From Himal Southasian, Volume 12, Number 10 (OCT 1999)
Every piece of ancient religious statuary from Kathmandu Valley that sits today in the West is stolen property. The gods must be returned from their exile, and until such time, those who presently hold them are merely custodians.
For 900 years, a sculpture of Uma-Maheshwar, showing Shiva- Parvati and attendant deities in Mount Kailas, had stood in a shrine at the Wotol locality of Dhulikhel town, east of Kathmandu. The grey limestone statue standing 20 inches was stolen in 1982 and today sits on a lonely pedestal at the Museum fur Indische Kunst in Berlin.
A 15th-century Laxmi-Narayan, half-Vishnu and half his consort Laxmi, was included in the 1990 sales catalogue of Sotheby’s. Dark granite shining under the spotlights, the image was valued between USD 30,000-40,000 and sold off for an undisclosed amount by the New York auction house. The people of Patko Tole of Patan town have not had the deity to worship since it was lifted in 1984 and today make do with a crude replica.
An 11th-century Uma-Maheshwar image, which for eight centuries adorned a hiti water-spout in Nasamana Tole, Bhaktapur town, is now a prize in the collection of the Musée National d’Arts Asiatiques—Guimet in Paris (“one of the largest art museums in the world”). Since 23 May 1984, when the sculpture was pried off its brick and mortar backing and taken away, the celestial couple has not received propitiation from the devout who come to collect water at the hiti.
Since the 1960s, thousands upon thousands of stone sculptures have disappeared in this manner from the temples, monasteries, fields and forests of Kathmandu Valley and nearby towns. The only way devotees can view these deities is by travelling across the oceans to see them displayed, spot-lit and isolated in private drawing-room pedestals and museum niches. Others remain locked up in storage vaults, and quite a few still turn up for sale, advertised in glossy magazines specialising in oriental art.
There are compelling reasons to become emotional about the theft of these Kathmandu Valley sculptures, wrested from the lap of worshippers and their sites of consecration centuries ago. In a museum, the statue stands polished and alone, its surface cleaned of worshippers’ grime of decades. An object of worship becomes an object of art. Says Chandra Prasad Tripathy, a specialist at the Department of Archaeology in Kathmandu, “When a statue is displayed in a museum, it is converted into an archaeological item which has lost its current cultural value.”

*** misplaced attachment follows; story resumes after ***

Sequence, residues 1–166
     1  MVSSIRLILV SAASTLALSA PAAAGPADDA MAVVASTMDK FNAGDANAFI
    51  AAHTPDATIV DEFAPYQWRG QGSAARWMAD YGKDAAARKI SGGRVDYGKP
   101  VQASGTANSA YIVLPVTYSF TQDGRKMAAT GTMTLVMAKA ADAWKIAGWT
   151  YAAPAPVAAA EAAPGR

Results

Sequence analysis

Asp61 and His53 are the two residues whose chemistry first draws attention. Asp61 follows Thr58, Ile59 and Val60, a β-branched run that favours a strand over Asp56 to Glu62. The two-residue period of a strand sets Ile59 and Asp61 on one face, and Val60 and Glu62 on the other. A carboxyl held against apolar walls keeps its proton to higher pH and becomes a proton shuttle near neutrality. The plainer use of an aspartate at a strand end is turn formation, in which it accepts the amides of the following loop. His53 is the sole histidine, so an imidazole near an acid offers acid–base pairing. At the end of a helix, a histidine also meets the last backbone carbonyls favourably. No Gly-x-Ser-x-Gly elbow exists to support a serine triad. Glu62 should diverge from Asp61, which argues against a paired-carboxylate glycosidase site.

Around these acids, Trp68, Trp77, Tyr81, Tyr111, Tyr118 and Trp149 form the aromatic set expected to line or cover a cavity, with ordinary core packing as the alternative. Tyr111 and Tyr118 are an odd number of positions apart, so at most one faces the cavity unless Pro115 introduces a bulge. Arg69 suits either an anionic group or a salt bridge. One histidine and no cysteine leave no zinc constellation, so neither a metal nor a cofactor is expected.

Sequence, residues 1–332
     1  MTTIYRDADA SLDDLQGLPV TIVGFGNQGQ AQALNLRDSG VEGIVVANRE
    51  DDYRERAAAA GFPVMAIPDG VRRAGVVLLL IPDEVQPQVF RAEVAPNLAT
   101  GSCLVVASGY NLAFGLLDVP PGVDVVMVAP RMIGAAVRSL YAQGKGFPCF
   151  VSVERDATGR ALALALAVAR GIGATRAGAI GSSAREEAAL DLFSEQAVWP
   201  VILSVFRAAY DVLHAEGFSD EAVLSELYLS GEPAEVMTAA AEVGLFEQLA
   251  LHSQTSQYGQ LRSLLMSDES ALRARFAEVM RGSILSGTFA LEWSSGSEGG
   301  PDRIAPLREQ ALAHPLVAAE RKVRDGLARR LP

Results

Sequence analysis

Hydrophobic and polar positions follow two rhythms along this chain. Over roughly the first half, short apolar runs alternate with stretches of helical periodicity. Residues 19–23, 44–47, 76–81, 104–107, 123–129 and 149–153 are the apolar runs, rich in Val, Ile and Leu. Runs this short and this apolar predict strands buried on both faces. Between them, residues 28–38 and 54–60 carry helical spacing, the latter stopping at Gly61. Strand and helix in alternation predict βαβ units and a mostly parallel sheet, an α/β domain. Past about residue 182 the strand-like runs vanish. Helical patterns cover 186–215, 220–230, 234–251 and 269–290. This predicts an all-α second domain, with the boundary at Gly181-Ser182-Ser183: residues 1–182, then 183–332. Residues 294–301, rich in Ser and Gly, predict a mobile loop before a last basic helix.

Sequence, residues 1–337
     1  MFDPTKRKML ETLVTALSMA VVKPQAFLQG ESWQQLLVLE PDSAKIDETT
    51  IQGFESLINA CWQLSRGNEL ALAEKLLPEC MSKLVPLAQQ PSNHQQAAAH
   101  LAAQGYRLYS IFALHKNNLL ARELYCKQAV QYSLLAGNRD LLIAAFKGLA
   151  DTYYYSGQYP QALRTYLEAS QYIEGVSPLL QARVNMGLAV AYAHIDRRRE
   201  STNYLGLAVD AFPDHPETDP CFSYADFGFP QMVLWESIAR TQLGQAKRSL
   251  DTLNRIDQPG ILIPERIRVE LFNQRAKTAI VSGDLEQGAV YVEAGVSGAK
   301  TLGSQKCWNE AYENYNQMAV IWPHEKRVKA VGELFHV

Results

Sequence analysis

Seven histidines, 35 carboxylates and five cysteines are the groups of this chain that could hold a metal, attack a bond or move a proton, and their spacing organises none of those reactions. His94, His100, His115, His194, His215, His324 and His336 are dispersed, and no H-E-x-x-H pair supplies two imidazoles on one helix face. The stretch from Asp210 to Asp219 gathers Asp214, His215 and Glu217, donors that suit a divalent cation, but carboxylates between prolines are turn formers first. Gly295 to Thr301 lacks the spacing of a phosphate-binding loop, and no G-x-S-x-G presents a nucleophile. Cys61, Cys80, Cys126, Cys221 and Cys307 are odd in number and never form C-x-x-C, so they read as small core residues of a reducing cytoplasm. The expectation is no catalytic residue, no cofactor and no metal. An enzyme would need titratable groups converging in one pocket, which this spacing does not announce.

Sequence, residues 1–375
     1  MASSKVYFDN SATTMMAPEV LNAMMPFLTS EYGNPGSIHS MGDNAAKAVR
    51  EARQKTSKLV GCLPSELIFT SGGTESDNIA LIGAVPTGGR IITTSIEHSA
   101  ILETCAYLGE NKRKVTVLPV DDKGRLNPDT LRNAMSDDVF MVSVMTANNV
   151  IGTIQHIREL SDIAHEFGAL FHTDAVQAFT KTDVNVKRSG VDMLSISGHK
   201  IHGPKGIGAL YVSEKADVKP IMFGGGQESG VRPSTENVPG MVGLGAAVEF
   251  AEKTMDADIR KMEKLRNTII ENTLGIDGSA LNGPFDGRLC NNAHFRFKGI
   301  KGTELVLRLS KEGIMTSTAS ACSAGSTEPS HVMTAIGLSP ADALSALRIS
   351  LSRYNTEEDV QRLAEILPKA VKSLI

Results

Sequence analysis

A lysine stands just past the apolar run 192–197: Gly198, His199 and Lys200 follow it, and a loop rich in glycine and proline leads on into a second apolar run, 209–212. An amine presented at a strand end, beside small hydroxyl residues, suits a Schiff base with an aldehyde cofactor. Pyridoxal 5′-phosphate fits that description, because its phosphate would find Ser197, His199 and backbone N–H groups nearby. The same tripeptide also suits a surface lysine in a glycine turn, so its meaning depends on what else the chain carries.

As the deities continued their journey overseas through the 1970s and 80s, Kathmandu Valley residents suffered the loss but did little else. Meanwhile, the Valley’s cultural vanguard showed a singular passivity. Partly, this fatalistic inaction was due to the logistics of tracing stolen items in the murky arena of antique art commerce. The larger explanation, however, has to do with the severely disorienting fallout of headlong modernisation, under whose weight the Valley’s age-old communal institutions have crumbled, and the value of ancient heritage become terribly downgraded. While the citizenry watched helplessly as the gods and goddesses went into foreign exile, the cultural elite looked the other way.
Four stone objects
Till even a couple of months ago, it would have been difficult to conceive the idea of stolen divinity actually being returned to Nepal, but things have now changed dramatically. The beginning of August was witness to the first-ever voluntary return to Nepal from overseas of three stolen statues and a fragment (a severed Saraswati head). The cache was returned by an American art collector confronted with proof of their theft, and the very act of willing restitution—welcome in itself— now holds great promise for the thousands of statues still out there in the occidental cold.
Going beyond the matters of international legality and obligations, the August restitution was made on the force of moral and ethical considerations by a remorseful collector. This gives rise to the hope that thousands of other collectors, connoisseurs and dealers who hold their art treasures in private—unlike the more transparent custom of museums which may be persuaded more easily—may also follow suit if and when confronted with the reality of theft.
There is now, more than ever, a need for community activists, archaeologists and other public and private custodians of Nepal’s heritage to work together to actively seek the return of sculptural heritage that is today scattered throughout the West, from North America to Europe, Australia and Japan. Besides seeking the return of stolen cultural property, it is important to note that a loud and visible campaign would force down the value of artefacts, enough to destroy the future market for ancient Nepali statuary.
Fortunately, some solid groundwork for such a campaign has already been laid by Lain Singh Bangdel of Nepal and Juergen Schick of Germany, thus far criers in the wilderness who have worked for long years with commitment and courage against the idol-lifters (click here). Over the course of two decades, working independently of each other, Bangdel and Schick photographically documented hundreds of statuary in their original places, and also took subsequent pictures of the sites which had been ravaged. Taken together, these ‘before’ and ‘after’ pictures provide incontrovertible proof of theft of more than 140 pieces.